Monthly Newsletter April 2019


We are happy to announce that EFMC has a new look website. It is sleeker and more user-friendly, and it will work as well on your mobile devices as it does on your computer. Please let us know your thoughts and if you have any problems.

Have a look at it on your browser or your mobile:


As far as communication is concerned the more the better and we are applying principle to the Communication Team.

Please welcome the new members:


Chiara Borsari is a medicinal chemist, working as postdoctoral fellow at the University of Basel (CH) in the group of Prof.  M. Wymann. Her research is focused on the design and synthesis of small-molecule anticancer agents. Her main goal is  the  development of irreversible inhibitors as a novel strategy in targeted cancer therapy. She got her PhD at the  University  of Modena and Reggio Emilia (IT). During her PhD, she has joined the NHRF in Athens (GR) and the State  University of New York at Albany (USA), where she worked on phospholipids and polymersomes synthesis. She is also  keen  on communicating her science to the public. In 2019, her short movie “Life in Colour”, explaining the advancements  in cancer research, has won the Jury Prize at the Exposure Science Film Hackathon. She has joined the EFMC  communication team to boost the awareness of the importance of Medicinal Chemistry in science. 


Matic Proj is a recent graduate, currently working as a Medicinal Chemistry Researcher at the Faculty of Pharmacy, University of Ljubljana, Slovenia. His research is focused on the design, synthesis and chemical analysis of novel organic compounds as potential enzyme inhibitors. Matic is active in a national Pharmaceutical Students’ Association, working as a Public Relations Representative. As one of the youngest members of the team with a great passion for science, he contributes his ideas, computer and social media skills. He has joined the team to gather new knowledge and experience, while promoting the field of Medicinal Chemistry and facilitating communication. 


Lorenzo Botta is Lecturer at the University of Rome Tor Vergata. Since 2015 he is working in the Group of Prof. R. Saladino at the Tuscia University of Viterbo. The main focus of his research is the synthetic modification of bioactive natural products by the use of novel methodologies. He got his PhD at the University of Siena in 2010 working on the development of new methodologies for the synthesis of biologically active compounds endowed with HIV1 inhibitory activity. During his PhD he spent three months at the ETH of Zurich in the group of Prof. K.H. Altmann working on the synthesis of side chains for the Hypermodified Epothilone analogs and one year at The Scripps Research Institute (TSRI) of San Diego in the group of Prof. K.C. Nicolaou working on the total synthesis of natural products. After his PhD he spent one year at the Columbia University of New York in the group of Prof. S.A. Snyder working on the synthesis of natural products and three years at the University Federico II of Naples in the group of Prof. E. Novellino working on the synthesis of small molecules as potential anticancer agents. Moreover, from 2016 to 2018 he was board-member in the Young Group of the Italian Chemical Society (SCI) representing the Division of Medicinal Chemistry.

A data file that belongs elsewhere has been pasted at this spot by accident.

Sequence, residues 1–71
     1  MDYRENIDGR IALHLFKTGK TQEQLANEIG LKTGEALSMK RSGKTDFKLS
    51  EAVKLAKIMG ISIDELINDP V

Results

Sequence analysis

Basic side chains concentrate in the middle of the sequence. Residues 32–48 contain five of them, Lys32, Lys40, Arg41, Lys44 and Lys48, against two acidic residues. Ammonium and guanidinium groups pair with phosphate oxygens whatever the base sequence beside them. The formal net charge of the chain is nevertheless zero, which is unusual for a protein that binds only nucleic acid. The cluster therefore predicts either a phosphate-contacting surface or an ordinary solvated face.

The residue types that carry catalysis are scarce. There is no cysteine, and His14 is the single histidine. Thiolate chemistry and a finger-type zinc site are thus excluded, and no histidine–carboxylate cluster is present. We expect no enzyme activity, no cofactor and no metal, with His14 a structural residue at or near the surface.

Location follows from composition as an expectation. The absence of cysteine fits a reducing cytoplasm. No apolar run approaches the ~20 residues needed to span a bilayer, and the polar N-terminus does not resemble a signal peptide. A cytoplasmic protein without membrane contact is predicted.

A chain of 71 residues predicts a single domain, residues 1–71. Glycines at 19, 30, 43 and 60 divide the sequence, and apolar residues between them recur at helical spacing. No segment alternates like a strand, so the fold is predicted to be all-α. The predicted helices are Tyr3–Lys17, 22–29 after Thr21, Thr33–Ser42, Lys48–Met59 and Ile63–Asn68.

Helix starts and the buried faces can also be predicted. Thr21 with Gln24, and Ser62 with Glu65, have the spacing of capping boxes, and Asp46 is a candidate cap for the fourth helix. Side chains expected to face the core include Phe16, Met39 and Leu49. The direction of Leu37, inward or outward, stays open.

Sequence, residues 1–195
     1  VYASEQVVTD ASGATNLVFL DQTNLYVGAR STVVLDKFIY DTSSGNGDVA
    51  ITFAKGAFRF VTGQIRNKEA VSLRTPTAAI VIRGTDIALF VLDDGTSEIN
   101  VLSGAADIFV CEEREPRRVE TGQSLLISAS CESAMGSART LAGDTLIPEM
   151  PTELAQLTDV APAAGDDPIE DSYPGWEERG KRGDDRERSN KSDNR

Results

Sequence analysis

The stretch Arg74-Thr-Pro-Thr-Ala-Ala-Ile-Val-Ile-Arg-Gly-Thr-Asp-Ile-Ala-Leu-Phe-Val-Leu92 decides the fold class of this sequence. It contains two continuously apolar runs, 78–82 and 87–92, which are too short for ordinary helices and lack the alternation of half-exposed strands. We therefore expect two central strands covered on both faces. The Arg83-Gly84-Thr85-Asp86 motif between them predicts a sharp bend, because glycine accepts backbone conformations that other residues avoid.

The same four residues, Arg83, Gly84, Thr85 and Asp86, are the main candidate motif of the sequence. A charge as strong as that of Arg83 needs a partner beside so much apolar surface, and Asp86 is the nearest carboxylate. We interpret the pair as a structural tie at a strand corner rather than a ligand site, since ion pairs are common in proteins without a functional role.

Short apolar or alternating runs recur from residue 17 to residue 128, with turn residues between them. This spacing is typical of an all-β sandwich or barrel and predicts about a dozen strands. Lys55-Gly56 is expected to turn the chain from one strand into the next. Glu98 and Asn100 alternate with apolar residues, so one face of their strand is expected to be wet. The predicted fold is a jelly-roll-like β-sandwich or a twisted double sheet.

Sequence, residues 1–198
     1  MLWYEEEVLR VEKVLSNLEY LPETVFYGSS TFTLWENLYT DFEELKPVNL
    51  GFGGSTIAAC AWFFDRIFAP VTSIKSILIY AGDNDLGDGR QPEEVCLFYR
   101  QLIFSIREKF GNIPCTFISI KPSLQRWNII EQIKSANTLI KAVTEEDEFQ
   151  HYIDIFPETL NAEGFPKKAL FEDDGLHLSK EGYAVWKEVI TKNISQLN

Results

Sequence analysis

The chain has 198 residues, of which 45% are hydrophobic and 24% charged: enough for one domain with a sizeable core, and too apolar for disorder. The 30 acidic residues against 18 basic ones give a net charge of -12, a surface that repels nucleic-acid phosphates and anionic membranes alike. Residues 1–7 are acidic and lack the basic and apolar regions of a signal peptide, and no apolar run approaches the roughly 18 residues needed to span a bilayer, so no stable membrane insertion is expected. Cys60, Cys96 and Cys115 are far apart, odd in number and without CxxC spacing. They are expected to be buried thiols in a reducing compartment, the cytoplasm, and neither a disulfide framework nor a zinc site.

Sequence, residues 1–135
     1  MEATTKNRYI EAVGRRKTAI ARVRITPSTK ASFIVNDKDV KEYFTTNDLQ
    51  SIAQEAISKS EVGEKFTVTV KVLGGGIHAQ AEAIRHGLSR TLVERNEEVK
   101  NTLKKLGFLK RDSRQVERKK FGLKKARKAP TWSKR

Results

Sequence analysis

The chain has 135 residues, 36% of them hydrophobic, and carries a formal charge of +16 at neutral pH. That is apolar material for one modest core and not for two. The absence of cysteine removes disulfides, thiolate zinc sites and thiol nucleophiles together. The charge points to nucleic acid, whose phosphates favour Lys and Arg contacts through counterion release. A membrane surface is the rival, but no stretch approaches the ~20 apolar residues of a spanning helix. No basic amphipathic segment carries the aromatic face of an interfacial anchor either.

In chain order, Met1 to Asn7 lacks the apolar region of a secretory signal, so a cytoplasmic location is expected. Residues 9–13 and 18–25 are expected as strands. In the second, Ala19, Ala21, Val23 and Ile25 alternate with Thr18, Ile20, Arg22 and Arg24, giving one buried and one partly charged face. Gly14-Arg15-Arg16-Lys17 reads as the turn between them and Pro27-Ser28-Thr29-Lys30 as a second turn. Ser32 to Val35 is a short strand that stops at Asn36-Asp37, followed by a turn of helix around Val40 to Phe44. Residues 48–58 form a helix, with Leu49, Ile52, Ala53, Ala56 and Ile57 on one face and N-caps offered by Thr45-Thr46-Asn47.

Leire Iralde Lorente is a current final year PhD student on Medicinal Chemistry at the University of Siena (Italy) with a Marie Curie Early Stage Researcher grant (ESR). Her thesis project is focused on the design and synthesis of small molecules that could mediate their activity by modulating protein-protein interactions (PPIs) and their use as a novel class of therapeutic agents. More specifically, she is targeting the adapter protein 14-3-3 which by interaction with multiple phosphorylated protein partners plays a key role in the development of human diseases. Leire is passionate about the medicinal chemistry and joined the EFMC to help promoting this field. 

Michele Mari is a Postdoctoral Scientist in Medicinal Chemistry at University of Urbino Carlo Bo, He achieved his Ph.D. in Chemical and Pharmaceutical Sciences from the same university working on the strategic indole functionalization for the synthesis of tryptophan containing alkaloids and biologically active tryptamines. He spent 9 months at ETH Zurich as visiting researcher working on the total synthesis of proteins. In september 2017 he founded GLUOS (innovative Start up and University Spin off on the synthesis of molecules for medical devices) with some colleagues and he is actually the President of the Board of Directors of the company. He is also member of the organizing committee of the European School of Medicinal Chemistry, and he is active locally in spreading the importance of soft skills and entrepreneurship vision. The driving force that makes him so active is an infinite passion for Science. 

Check out the full team here


To celebrate the International Year of the Periodic Table of Chemical Elements 2019 (IYPT2019), we challenge you to share your best picture representing The Elements of life! #EFMC_PHOTO19

The winner will receive a prize of €200!

There will also be prizes of €100 for two runners-up.

In addition, the best pictures will appear in cover of several issues of the EFMC Newsletter “MedChemWatch” and will be showcased in the annual Yearbook.


We want scientists from any level (eg. students to expert professionals) and affiliation (eg. academia and industry) to take the best shot possible and enter the competition!

Judging Criteria

The pictures will be judged by a two-round public vote. First online and afterwards during the “EFMC-ASMC'19”, where the best shots will be printed out and displayed at the conference for participants to vote live!

Submit your picture!


In this edition, we are pleased to introduce Martina Durcik from the University of Ljubljana. In addition to discovering new antibiotics, she has been able to start a fire alarm while cleaning a dish washer. Do you also have similar skills?

How did you get interested in Medicinal Chemistry?